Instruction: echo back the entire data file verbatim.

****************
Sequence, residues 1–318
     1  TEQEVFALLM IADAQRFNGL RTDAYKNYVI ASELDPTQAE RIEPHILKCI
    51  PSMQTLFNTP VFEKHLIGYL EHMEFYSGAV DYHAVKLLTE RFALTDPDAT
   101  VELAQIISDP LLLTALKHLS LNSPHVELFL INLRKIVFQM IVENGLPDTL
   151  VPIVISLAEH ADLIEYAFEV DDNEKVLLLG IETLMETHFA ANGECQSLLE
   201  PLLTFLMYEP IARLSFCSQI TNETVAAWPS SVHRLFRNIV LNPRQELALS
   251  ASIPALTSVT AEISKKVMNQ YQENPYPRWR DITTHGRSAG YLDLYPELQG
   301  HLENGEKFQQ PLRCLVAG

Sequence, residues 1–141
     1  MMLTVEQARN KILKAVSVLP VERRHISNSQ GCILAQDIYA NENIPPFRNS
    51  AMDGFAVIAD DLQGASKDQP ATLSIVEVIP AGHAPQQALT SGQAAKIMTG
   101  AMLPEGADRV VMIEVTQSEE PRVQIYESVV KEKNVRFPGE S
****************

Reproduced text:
Sequence, residues 1–318
     1  TEQEVFALLM IADAQRFNGL RTDAYKNYVI ASELDPTQAE RIEPHILKCI
    51  PSMQTLFNTP VFEKHLIGYL EHMEFYSGAV DYHAVKLLTE RFALTDPDAT
   101  VELAQIISDP LLLTALKHLS LNSPHVELFL INLRKIVFQM IVENGLPDTL
   151  VPIVISLAEH ADLIEYAFEV DDNEKVLLLG IETLMETHFA ANGECQSLLE
   201  PLLTFLMYEP IARLSFCSQI TNETVAAWPS SVHRLFRNIV LNPRQELALS
   251  ASIPALTSVT AEISKKVMNQ YQENPYPRWR DITTHGRSAG YLDLYPELQG
   301  HLENGEKFQQ PLRCLVAG

Sequence, residues 1–141
     1  MMLTVEQARN KILKAVSVLP VERRHISNSQ GCILAQDIYA NENIPPFRNS
    51  AMDGFAVIAD DLQGASKDQP ATLSIVEVIP AGHAPQQALT SGQAAKIMTG
   101  AMLPEGADRV VMIEVTQSEE PRVQIYESVV KEKNVRFPGE S